University of Alabama at Birmingham

Springing into action: The urgent COVID-19 research fund at UAB

Everyone was fast this spring: the businesses that contributed to the fund, the scientists and physicians who crafted research proposals, and the senior School of Medicine researchers who chose which proposals got money.

Newswise — BIRMINGHAM, Ala. – Chad Petit, Ph.D., spent the last five days of March working late into the night after his children, Amelia and Elijah, 12 and 9, had gone to sleep. Across metro Birmingham, 51 other University of Alabama at Birmingham researchers faced the same time crunch — create a COVID-19 research proposal in just five days, to compete for emergency COVID-19 funding raised through UAB and generous business donors in Birmingham and Montgomery.

The RFA, or request for applications, had gone out from the UAB School of Medicine and the Hugh Kaul Precision Medicine Institute at 1:28 p.m., Wednesday, March 25. Research proposals — limited to two pages of 12-point font — were due Monday, March 30, by 5 p.m. The grant application process, usually a journey of months, was compressed into a long weekend.

But by the deadline, 52 applications had rolled in, a sign of the nimbleness, quality and breadth of UAB research in the time of COVID. Here is how one researcher came up with his ideas, how the merits of all 52 applications were judged and how the business community raised $1.1 million in just 20 days.

A UAB virus researcher
Petit, an assistant professor in the UAB Department of Biochemistry and Molecular Genetics, studies the influenza virus, including the infamous strain from the 1918-19 flu pandemic that killed 40 million-50 million people worldwide.

Serendipitously, Petit had done his Ph.D. work on the SARS coronavirus that first infected people in China in 2002, causing the severe acute respiratory syndrome. As a result, he had begun to think about the novel coronavirus of 2019 as the deadly COVID-19 pandemic began.

“There were a few things that went through my mind,” Petit said. “Although this is a brand-new virus, I could use previous research done on closely related coronaviruses — known as CoVs — to form ideas about how to investigate the emerging virus. The first step for me was to determine how similar this new coronavirus was to other coronaviruses — particularly the SARS-CoV.”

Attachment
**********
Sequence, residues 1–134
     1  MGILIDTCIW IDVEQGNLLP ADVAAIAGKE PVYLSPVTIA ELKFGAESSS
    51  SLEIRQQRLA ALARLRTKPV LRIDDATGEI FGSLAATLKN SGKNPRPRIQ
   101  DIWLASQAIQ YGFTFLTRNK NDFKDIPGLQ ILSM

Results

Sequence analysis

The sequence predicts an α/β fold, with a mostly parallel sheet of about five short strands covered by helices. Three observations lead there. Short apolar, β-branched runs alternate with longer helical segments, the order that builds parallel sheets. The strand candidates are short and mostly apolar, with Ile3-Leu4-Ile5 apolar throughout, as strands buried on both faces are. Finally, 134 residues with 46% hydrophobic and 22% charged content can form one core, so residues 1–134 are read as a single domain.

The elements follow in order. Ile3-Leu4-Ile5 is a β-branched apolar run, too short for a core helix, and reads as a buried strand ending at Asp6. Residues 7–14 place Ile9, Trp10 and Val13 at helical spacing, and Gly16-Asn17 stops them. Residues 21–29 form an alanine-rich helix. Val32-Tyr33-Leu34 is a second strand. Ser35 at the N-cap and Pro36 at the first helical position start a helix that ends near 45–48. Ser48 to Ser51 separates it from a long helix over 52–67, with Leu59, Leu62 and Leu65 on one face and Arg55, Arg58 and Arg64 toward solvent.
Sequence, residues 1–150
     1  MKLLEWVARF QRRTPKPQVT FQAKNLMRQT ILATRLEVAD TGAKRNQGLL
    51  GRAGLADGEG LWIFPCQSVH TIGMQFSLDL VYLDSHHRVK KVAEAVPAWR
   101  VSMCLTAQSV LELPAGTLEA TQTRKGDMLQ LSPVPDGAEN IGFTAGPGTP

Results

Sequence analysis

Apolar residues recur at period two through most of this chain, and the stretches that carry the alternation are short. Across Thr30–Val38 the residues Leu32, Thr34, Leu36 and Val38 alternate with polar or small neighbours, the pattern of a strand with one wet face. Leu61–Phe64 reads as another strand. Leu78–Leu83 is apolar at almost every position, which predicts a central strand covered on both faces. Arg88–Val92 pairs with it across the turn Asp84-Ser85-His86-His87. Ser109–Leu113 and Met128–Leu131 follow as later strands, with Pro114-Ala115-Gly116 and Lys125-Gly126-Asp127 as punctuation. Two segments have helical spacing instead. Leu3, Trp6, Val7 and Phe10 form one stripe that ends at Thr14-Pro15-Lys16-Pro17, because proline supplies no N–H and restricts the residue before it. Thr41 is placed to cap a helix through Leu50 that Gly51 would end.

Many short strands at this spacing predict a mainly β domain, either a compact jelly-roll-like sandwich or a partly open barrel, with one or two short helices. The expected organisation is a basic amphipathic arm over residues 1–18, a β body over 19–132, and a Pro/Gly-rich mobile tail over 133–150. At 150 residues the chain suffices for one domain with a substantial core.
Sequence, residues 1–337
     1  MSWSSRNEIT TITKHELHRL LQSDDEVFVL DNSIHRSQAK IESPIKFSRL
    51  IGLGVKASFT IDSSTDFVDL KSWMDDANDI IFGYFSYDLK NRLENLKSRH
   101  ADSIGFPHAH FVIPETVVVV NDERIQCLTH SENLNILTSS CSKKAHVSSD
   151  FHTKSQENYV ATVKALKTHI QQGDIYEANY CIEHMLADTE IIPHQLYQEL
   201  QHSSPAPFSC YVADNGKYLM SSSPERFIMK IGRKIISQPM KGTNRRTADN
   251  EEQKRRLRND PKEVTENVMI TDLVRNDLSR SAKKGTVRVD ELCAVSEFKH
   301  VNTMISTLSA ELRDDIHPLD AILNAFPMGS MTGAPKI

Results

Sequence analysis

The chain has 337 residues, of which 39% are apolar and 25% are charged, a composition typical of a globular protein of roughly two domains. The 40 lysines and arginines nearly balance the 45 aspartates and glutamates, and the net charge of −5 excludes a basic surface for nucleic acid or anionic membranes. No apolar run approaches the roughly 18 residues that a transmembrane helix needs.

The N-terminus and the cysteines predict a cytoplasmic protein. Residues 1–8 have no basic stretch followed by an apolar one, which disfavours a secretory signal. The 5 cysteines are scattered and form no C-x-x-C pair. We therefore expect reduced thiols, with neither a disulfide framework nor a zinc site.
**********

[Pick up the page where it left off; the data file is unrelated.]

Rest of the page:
Petit looked up the RNA sequence of the novel COVID-19 virus, available at the National Center for Biotechnology Information, at the National Institutes of Health. From the RNA sequence, Petit could identify the amino acid sequence of proteins encoded by the virus.

“The goal was to identify proteins in SARS-CoV-2, the virus that causes COVID-19, that were similar to proteins in other coronaviruses and then look to see what research had been done on those viruses,” Petit said. “The thought was that we can formulate ideas about how to combat SARS-CoV-2 by looking into previous research for similar viruses.”

Petit found a protein — the non-structural protein 1, or nsp1 — that was very similar in both SARS-CoV from 2002 and the new SARS-CoV-2. “The next step,” Petit said, “was to look up previous research that was performed on the SARS-CoV version of this protein and determine if this was a target that could be exploited for antiviral development to treat COVID-19.”

To establish the baseline knowledge needed for a robust outline of what needed to be done, Petit read the findings of around 60 papers — some more thoroughly than others. “It turned out that not only was nsp1 a protein that could be exploited for the development or repurposing of already available drugs,” Petit said, “it could also be utilized in the rational design of a future vaccine.”

Critical feedback — an important step
Petit did not think alone; he bounced his ideas off other UAB scientists. He made a last-minute request to present his ideas to a scheduled meeting of his department’s grant club, where scientists present their ideas to other faculty to get critical feedback. Narendra Wajapeyee, Ph.D., professor and vice chair for Research in the Department of Biochemistry and Molecular Genetics, gave Petit 20 minutes the next day to present his ideas to the rest of the faculty, including department Chair David Bedwell, Ph.D.

“Everyone gave excellent feedback and opinions on how to improve the proposal,” said Petit, who also got critiques from researchers in other UAB departments. “I then had to put pen to paper and provide the rationale why this was a good target for funding. One of the major criteria in the RFA for COVID-19 research funding emphasized completing the projects quickly, given the dire threat posed by the pandemic. “I wrote my proposal where we could quickly learn whether my idea was correct,” Petit said, “and I planned a set of experiments with the idea of getting the most bang for the buck.”

Choosing the best among 52 proposals
A normal review process for grant applications takes months, though the shorter pilot projects can be somewhat quicker.